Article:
But we must also look at the positive aspects of its use. The words of Professor Sotirios Despotis of the Theological School of the University of Athens are most apposite here. In his paper, entitled ‘Paul and the Ethics of the Internet in a Globalised World’, he mentions that Saint Paul sent epistles in the form of a folio his to spiritual children in the various local churches. The same can be done by the Orthodox Church and its shepherds by posting spiritual texts on the Internet, as well as empirical homilies and teachings, since a tablet or a portable computer is like one of Saint Paul’s folios. Even the light given off by a computer screen in use recalls the light emitted by the words of the Gospel.

It follows that the Internet can be used as a pulpit in a church and as a way of providing information, in accordance with Saint Paul’s words to his disciple, Timothy ‘carry out your ministry fully’, with the aim of transmitting reliable and beneficial Church news to the modern world [A play on words by the author. At the time of Saint Paul, the Greek verb meant ‘carry out’, but now means ‘inform’. WJL].

There can be no doubt that the Internet cannot replace the living presence of a spiritual guide in the life of believers. It can, however, serve as a means of intermittent communication. The experience we acquired as shepherds of the Church of Christ, as well as the questions posed by the attendees will be of great assistance to us in our spiritual ministry.

The announcement by Elder Efraim that the Holy and Great Monastery of Vatopaidi, in collaboration with the Internet channel ‘Pemptousia’, is to found a Pan-Orthodox site for reliable Church news was welcomed particularly warmly by those present.

According to words of the Apostle of the Gentiles, Saint Paul, the Church calls upon us and challenges us to ‘test everything; hold fast to what is good; abstain from every form of evil’. We should not maintain a negative stance towards the advances of technology, but should use them as a means of transmitting the saving words of the Gospel, instructing the ‘light-formed children of the Church’ [2nd canon for Pentecost, ode 5] how to tell the truth from lies, light from darkness, virtue from sin, and spiritual profit from corruption of the soul, so that Christ and His message can be promoted in this constantly changing world.

Holy Monastery of the Archangels, Asteri.

Source: pemptousia.com

 

 

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OCN has partnered with Pemptousia. A Contemporary post-modern man does not understand what man is.  Through its presence in the internet world, Pemptousia, with its spirit of respect for beauty that characterizes it, wishes to contribute to the presentation of a better meaning of life for man, to the search for the ontological dimension of man, and to the awareness of the unfathomable mystery of man who is always in Christ in the process of becoming, of man who is in the image of divine beauty. And the beauty of man springs from the beauty of the Triune God. In the end, “beauty will save the world”.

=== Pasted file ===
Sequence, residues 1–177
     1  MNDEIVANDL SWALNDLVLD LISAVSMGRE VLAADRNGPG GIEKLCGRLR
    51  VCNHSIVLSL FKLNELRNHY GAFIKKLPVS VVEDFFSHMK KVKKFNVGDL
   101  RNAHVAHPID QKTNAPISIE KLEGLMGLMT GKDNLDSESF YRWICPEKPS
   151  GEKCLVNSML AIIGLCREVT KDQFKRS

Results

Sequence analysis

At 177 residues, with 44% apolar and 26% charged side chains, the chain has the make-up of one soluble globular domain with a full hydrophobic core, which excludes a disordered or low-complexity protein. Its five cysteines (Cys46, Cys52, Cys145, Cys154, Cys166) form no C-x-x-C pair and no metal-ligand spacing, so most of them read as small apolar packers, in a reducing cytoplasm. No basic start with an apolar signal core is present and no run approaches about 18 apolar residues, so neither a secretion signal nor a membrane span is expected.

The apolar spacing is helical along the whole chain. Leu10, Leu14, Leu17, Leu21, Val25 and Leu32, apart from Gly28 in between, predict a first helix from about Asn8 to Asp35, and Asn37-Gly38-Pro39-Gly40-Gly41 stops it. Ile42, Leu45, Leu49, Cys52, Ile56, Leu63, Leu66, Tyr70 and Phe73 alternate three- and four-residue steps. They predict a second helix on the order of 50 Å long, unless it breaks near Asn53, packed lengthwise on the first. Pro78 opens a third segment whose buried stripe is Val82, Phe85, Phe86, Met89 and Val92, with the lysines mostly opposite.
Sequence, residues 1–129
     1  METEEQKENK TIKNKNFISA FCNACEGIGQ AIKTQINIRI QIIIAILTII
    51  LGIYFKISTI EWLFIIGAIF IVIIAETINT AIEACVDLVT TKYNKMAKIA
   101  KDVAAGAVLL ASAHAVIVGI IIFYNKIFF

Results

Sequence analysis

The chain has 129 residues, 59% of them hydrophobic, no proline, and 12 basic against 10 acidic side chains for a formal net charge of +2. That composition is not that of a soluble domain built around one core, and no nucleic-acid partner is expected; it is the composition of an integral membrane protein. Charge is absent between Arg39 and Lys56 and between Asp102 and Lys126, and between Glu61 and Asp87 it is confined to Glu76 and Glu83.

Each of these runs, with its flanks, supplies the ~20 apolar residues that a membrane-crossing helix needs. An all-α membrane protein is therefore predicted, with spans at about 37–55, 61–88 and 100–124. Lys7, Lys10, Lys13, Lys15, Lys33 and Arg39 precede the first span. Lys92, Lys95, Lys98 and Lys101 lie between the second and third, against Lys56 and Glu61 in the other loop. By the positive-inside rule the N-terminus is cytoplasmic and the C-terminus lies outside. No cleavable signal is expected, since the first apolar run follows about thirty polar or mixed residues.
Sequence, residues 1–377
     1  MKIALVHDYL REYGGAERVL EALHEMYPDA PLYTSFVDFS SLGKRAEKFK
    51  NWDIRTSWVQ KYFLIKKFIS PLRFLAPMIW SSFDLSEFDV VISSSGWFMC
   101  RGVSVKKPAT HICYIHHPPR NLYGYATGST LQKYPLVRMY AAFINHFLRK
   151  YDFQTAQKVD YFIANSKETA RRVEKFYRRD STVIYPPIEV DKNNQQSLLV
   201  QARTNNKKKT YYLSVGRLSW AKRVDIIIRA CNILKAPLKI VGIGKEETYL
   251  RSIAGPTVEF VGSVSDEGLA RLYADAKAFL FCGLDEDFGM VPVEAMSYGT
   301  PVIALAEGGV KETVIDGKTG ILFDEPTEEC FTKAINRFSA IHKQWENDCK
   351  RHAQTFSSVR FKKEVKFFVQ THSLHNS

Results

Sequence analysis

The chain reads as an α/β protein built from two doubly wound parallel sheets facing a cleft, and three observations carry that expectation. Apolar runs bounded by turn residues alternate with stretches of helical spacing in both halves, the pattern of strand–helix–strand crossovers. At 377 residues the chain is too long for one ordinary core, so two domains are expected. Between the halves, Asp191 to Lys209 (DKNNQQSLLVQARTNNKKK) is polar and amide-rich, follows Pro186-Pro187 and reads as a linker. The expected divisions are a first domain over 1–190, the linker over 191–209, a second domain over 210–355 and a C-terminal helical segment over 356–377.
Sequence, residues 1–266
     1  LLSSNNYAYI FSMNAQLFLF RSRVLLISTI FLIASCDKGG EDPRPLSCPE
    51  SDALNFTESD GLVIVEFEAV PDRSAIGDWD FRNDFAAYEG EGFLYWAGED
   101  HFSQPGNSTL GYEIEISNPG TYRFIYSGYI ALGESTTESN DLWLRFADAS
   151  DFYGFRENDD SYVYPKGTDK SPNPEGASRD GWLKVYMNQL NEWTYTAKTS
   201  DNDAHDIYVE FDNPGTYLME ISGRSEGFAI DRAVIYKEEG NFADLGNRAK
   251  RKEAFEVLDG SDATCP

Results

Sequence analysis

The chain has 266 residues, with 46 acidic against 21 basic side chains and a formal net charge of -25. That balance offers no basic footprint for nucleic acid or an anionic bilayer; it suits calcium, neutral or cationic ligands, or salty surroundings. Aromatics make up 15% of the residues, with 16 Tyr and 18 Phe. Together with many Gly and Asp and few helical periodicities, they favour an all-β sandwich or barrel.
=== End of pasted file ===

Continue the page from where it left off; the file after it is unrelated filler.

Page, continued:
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Pemptousia Partnership

Pemptousia and OCN have entered a strategic partnership to bring Orthodoxy Worldwide. Greek philosophers from Ionia considered held that there were four elements or essences (ousies) in nature: earth, water, fire and air. Aristotle added ether to this foursome, which would make it the fifth (pempto) essence, pemptousia, or quintessence. The incarnation of God the Word found fertile ground in man’s proclivity to beauty, to goodness, to truth and to the eternal. Orthodoxy has not functioned as some religion or sect. It was not the movement of the human spirit towards God but the revelation of the true God, Jesus Christ, to man. A basic precept of Orthodoxy is that of the person ­– the personhood of God and of man. Orthodoxy is not a religious philosophy or way of thinking but revelation and life standing on the foundations of divine experience; it is the transcendence of the created and the intimacy of the Uncreated. Orthodox theology is drawn to genuine beauty; it is the theology of the One “fairer than the sons of men”. So in "Pemptousia", we just want to declare this "fifth essence", the divine beaut in our life. Please note, not all Pemptousia articles have bylines. If the author is known, he or she is listed in the article above.